“What came back shocked us. Mr. Steele’s sources in Russia (who were not paid) reported on an extensive — and now confirmed — effort by the Kremlin to help elect Mr. Trump president,” they wrote.
Republicans are trying to track down who Steele used as his sources, as well as how the memos have been used in the FBI’s probe of Russia’s election interference.
Democrats, meanwhile, have accused their GOP colleagues of trying to discredit Steele while arguing they should prioritize investigating whether the dossier’s assertions about the Trump are true.
Some of the allegations contained in the memos have been shown to be false, while others have either been supported by public evidence or remain unproven.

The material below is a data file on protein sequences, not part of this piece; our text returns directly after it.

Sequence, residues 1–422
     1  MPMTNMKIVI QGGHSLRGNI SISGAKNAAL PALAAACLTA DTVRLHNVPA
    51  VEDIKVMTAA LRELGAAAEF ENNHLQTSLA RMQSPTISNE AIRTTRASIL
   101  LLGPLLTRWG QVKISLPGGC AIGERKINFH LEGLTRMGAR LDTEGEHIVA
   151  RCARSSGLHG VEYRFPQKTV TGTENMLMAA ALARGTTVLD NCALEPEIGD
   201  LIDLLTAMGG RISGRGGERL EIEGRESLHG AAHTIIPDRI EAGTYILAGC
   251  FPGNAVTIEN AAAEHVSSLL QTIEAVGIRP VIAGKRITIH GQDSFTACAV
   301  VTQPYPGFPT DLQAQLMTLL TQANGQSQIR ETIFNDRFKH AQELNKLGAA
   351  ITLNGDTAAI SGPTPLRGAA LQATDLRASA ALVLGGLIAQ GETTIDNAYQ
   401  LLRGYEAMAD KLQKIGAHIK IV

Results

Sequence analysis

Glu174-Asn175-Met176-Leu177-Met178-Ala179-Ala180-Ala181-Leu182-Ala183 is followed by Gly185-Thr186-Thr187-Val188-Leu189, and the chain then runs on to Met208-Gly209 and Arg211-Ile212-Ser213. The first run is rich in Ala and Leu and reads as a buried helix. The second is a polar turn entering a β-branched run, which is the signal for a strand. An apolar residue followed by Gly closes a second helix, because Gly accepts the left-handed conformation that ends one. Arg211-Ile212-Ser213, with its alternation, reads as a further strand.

The trail of clients who funded the dossier has also come under intense scrutiny.
Reports revealed that Hillary Clinton‘s presidential campaign and the Democratic National Committee funded the opposition research against her Republican opponent. The Washington Free Beacon, a conservative website, has also acknowledged that it hired Fusion GPS to look into Trump during the 2016 Republican presidential primary before Steele became involved.
Simpso also appeared before the House Intelligence Committee in November for a voluntary, closed-door interview in which he made the same deal with the Senate Judiciary Committee — maintaining his to right decline to answer the panel’s questions.